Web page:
Did you know that the chocolate chip cookie was invented by accident? In 1930, at the Toll House Inn in
Ruth Graves Wakefield substituted broken pieces of semi-sweet chocolate for
regular baker's chocolate in a cookie recipe. She thought the chips would melt
into the batter. We all know how that turned out. I wonder if Ms. Wakefield was
disappointed that things didn't go according to plan. When she pulled her
cookie sheet from the oven and saw solid brown chunks sticking up like rocks in
her golden cookies, was she upset? Did she think she had failed? I like to imagine her looking at the cookies,
shaking her head, and thinking something like, Oh, well, a lesson learned. Did she take that first taste reluctantly? If
so…what a pleasant surprise!. Whatever her reaction, there's a pretty good
chance she didn't realize that she had just created an American classic. Wakefield, Mass.
What does this have to do with writing? If you're a baker, probably nothing, but, if you're a writer, everything has to do with writing.
My plots rarely turn out exactly as I plan. Sometimes I introduce a character, thinking I know exactly how he or she fits in the overall plan, only to have the character take over and re-write their part, giving themselves a more important role in the story. In my most recent work, LOVE AND NOT DESTROY, the victim demanded to tell his own story. I thought the manuscript was finished and was starting the editing process when (in the very first chapter!) this dead man seemed to guide my fingers to certain keys, spelling out words, stringing themselves into sentences and paragraphs. Turns out he needed to explain how he came to commit the act that started the sequence of events that form the backbone of the plot. I couldn't have been more surprised. Come to think of it, he was surprised himself by the turning of events. He may have guided my fingers to explain himself, but what he needed to explain was a plan that didn't work out. Long story short, I let him have his way and there are fourteen short scenes told from the victim's point of view. (I guess it's a small enough favor to grant someone you've just stabbed through the heart and left in the corner of a shed.)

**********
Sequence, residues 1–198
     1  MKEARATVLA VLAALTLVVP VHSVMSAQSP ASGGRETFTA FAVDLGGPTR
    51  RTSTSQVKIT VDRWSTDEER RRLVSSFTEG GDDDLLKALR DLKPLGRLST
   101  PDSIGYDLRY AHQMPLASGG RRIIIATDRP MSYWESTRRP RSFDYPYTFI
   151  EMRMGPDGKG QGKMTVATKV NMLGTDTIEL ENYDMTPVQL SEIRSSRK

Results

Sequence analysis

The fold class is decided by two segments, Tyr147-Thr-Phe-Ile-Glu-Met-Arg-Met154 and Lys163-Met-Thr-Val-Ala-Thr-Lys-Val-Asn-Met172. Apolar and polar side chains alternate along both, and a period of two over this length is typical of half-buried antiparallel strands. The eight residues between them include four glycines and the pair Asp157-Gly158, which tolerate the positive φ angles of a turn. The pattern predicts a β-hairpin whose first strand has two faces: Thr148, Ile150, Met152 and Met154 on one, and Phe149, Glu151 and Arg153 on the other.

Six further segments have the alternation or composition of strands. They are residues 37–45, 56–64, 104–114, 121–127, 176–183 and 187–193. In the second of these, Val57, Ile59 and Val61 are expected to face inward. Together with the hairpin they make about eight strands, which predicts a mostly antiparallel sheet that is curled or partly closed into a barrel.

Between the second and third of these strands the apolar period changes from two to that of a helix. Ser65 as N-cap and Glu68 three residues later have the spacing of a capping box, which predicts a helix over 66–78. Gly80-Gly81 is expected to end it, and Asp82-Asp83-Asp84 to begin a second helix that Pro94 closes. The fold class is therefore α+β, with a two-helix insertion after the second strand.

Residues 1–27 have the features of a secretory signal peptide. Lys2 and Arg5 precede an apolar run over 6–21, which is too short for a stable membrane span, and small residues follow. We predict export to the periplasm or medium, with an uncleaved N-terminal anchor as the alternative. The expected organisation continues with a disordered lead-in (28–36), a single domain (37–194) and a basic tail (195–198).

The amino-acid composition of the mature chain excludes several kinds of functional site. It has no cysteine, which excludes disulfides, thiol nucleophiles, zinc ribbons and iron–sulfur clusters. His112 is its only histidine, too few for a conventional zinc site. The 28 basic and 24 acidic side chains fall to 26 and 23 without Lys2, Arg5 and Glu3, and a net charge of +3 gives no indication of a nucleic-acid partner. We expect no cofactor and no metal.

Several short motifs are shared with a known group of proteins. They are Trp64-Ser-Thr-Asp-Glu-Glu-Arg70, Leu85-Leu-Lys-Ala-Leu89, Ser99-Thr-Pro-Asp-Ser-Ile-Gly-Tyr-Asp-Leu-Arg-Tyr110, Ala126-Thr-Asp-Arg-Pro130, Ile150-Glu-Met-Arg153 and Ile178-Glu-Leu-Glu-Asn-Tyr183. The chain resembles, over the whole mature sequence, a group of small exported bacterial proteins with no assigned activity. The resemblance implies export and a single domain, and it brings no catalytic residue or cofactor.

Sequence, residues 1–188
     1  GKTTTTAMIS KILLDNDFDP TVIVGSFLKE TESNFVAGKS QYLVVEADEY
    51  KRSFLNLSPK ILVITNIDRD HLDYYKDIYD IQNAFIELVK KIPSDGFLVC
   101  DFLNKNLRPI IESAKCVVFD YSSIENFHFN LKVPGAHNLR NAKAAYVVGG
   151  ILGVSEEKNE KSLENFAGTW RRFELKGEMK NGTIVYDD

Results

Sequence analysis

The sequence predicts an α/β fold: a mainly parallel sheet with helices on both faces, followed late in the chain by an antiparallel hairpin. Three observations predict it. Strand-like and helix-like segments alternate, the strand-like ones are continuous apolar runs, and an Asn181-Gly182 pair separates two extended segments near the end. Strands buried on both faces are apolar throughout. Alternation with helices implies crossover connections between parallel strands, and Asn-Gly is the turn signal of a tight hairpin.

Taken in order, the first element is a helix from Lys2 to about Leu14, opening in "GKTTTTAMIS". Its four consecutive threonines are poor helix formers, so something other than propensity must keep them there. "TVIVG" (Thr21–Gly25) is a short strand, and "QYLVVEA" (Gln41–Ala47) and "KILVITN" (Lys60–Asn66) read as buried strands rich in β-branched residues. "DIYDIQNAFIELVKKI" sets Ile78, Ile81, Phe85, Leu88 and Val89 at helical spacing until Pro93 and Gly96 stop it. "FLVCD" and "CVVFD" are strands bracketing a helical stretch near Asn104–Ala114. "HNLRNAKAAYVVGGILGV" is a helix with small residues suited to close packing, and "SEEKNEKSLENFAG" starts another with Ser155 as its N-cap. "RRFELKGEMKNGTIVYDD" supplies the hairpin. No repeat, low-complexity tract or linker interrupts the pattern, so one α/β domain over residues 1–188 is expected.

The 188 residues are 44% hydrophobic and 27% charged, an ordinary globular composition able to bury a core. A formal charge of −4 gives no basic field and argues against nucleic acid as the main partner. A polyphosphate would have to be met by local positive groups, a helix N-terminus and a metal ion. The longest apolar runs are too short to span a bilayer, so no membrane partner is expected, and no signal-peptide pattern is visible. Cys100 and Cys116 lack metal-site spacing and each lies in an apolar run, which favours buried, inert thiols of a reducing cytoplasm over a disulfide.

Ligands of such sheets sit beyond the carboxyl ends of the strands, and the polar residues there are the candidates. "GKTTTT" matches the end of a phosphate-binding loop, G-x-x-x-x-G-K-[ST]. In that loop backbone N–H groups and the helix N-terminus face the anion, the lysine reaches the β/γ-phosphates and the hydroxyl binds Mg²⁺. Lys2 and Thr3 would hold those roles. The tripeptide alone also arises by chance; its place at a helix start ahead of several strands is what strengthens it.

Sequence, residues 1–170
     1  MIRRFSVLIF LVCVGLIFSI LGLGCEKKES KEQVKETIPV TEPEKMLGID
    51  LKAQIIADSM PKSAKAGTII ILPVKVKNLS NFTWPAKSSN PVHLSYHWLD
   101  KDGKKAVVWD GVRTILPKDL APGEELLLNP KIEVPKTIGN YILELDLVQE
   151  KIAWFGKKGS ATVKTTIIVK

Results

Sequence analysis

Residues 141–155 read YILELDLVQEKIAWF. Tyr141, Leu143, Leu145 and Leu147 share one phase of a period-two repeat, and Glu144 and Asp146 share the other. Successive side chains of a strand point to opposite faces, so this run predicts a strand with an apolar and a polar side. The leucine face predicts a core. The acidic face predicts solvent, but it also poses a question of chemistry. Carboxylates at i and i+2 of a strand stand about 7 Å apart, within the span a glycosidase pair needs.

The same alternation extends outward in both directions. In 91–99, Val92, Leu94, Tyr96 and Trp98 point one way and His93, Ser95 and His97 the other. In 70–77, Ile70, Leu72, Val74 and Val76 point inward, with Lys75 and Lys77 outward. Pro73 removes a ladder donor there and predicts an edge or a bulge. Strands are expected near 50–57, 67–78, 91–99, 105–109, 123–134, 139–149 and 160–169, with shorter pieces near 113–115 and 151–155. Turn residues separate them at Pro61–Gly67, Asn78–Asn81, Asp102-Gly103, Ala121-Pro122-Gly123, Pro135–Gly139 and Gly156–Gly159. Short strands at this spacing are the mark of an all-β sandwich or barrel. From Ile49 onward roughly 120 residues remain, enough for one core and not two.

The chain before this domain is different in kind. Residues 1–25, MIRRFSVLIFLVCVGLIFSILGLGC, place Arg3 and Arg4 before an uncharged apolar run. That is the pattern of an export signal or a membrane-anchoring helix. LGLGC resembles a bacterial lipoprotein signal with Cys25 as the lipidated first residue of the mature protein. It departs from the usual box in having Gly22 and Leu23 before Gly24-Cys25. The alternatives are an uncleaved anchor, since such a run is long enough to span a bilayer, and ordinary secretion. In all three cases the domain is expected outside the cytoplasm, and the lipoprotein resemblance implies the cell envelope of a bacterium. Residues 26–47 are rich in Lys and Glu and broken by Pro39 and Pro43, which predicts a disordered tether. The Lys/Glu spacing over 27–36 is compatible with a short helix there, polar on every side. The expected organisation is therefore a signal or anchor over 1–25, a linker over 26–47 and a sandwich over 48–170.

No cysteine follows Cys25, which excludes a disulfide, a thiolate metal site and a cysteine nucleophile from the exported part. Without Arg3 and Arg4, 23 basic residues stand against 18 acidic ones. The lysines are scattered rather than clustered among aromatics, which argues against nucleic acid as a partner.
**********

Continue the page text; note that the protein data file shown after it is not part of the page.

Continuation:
I knew all along that the information in these scenes was necessary, but I had planned to reveal it in a different way. However, once I stopped fighting with my character and let him tell his own story, he became much more vivid to me and his death more poignant. (I can only hope readers feel the same.)
Characters with minds of their own are just one example of the surprising twists that occur during the writing of a novel. A book left open on a table can take a scene and, ultimately, an entire plot, in an unexpected direction. A line of throwaway dialogue can suggest a secret that leads to a subplot.
As a writer, I love it when these little surprises pop up. I think readers like surprises too. I know I do. However, as much fun as surprises are, once they have occurred, they should seem inevitable. John Irving is a writer who does this well. Dickens is another, maybe the best ever. And Jane Austen. I doubt any reader can anticipate all the twists and turns in her stories. Did you anticipate that
Lydia would elope with Wickham?
Once it happened, didn't it seem inevitable?
So, if you're a writer, and your story won't follow your plan, maybe you need to need to let the elements blend (or not) according to their own needs. Who knows? Maybe you'll create an American classic.
I blog at http://www.birthofanovel.
The link to LOVE AND NOT DESTROY is http://amzn.to/